On election night in my area of North Toronto, the cold days that dominated most of April were finally being driven out by the warm gusts of spring. Perhaps that is why few people noticed the gusts of change that were about to sweep across the Canadian political landscape. Everyone knew the conservatives would win, but the expectation was that Canada would likely enter another minority parliament. The Bloc might suffer at the expense of the NDP, but would still retain its dominant status within Quebec. And at the end of the night the liberals, for all their misfortunes, would still seem like the only likely alternative to Harper’s conservatives. The early tallies did little to alter this overall impression. The conservatives were leading from the word ‘go,’ but the liberals and NDP remained close in terms of projected seat counts. Among the first early signs that something was amiss for the liberals was the early lead assumed by conservative Bernard Trottier over Michael Iganatieff. The race was very close but as more votes were counted the gap widened just enough that it was clear Ignatieff would lose his seat after holding it for only one parliament. Other developments were equally ominous for the party. Long time Liberal MPs who once easily held their respective ridings – Ken Dryden, Joe Volpe, among many others – were suddenly on the losing end of races. Their long term presence in the House of Commons was once a source of stability; on this night, it had become a liability. Many younger liberals – Gerard Kennedy among the most prominent – fared no better. Liberal urban heartlands were, by the end of the evening, liberal urban wastelands.
Indeed, what was most striking was the sense by the evening’s end of a party that suddenly seemed antiquated, as though the rest of the country had passed them by. Not surprisingly, party members were stunned. Michael Ignatieff spoke that night with subdued passion and conviction. But for all its strengths, his speech also conveyed bewilderment, as though he couldn’t begin to explain what had just happened, why Canadians didn’t warm to him or why the party that dominated Canadian politics for so long could only win 34 seats in a 308 seat parliament. This impression was fuelled by visuals. The jet black backdrop in a room that was half empty made it seem as though he was speaking at a funeral and not at a political event. The few people there could scarcely contain their mix of disbelief and despair. They too were no doubt wondering how a liberal campaign could have gone so spectacularly wrong.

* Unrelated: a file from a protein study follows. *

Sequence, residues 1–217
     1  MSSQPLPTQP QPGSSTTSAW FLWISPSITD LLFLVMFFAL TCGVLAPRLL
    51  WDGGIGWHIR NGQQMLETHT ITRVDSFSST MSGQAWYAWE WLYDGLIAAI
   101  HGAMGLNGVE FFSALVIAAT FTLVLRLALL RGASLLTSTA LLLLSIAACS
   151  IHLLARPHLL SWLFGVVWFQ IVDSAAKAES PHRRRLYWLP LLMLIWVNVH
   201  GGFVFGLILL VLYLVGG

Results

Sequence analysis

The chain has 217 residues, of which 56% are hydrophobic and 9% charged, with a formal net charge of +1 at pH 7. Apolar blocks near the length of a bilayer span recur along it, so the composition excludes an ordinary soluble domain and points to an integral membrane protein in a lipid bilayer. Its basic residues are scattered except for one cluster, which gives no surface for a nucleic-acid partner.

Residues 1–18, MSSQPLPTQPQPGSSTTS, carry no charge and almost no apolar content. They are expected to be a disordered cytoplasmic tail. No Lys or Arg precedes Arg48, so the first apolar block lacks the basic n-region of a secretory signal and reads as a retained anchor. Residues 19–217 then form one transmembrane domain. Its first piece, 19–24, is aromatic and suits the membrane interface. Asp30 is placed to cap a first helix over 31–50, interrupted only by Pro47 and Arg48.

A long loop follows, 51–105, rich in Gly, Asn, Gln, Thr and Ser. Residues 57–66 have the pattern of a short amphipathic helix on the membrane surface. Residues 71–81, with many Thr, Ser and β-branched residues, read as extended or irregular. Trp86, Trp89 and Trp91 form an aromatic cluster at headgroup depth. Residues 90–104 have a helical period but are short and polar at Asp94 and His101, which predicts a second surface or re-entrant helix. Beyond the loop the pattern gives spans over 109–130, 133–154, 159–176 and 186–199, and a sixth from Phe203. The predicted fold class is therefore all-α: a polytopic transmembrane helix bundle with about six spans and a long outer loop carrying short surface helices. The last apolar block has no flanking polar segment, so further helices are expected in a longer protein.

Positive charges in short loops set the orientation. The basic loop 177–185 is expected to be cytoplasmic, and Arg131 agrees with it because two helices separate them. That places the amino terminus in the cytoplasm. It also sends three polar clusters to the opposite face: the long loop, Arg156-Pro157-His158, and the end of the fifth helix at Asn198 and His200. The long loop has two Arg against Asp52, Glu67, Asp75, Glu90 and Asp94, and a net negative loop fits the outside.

The post election hand wringing has seemingly only confirmed that the liberal party is adrift with no sense of direction. Although there is constant talk of the need for ‘renewal,’ party members seem deeply uncertain as to what this process might mean. What’s worse, there remains internal disarray and in fighting. Some party members would like a leadership convention sooner rather than later. Others, such as Jean Chretien, insist that Harper’s majority gives the party the luxury of time. Meanwhile both Bob Rae and Carolyn Bennett publicly expressed their displeasure with the party executive’s silly determination that any interim party leader will not be able to run in the actual leadership race. Their leadership problems run deeper. Historically one of the party’s strengths was the number of quality people who many could imagine as leader and prime minister. Now, by contrast, there is an utter dearth of obvious choices. Some even question if the party has a future.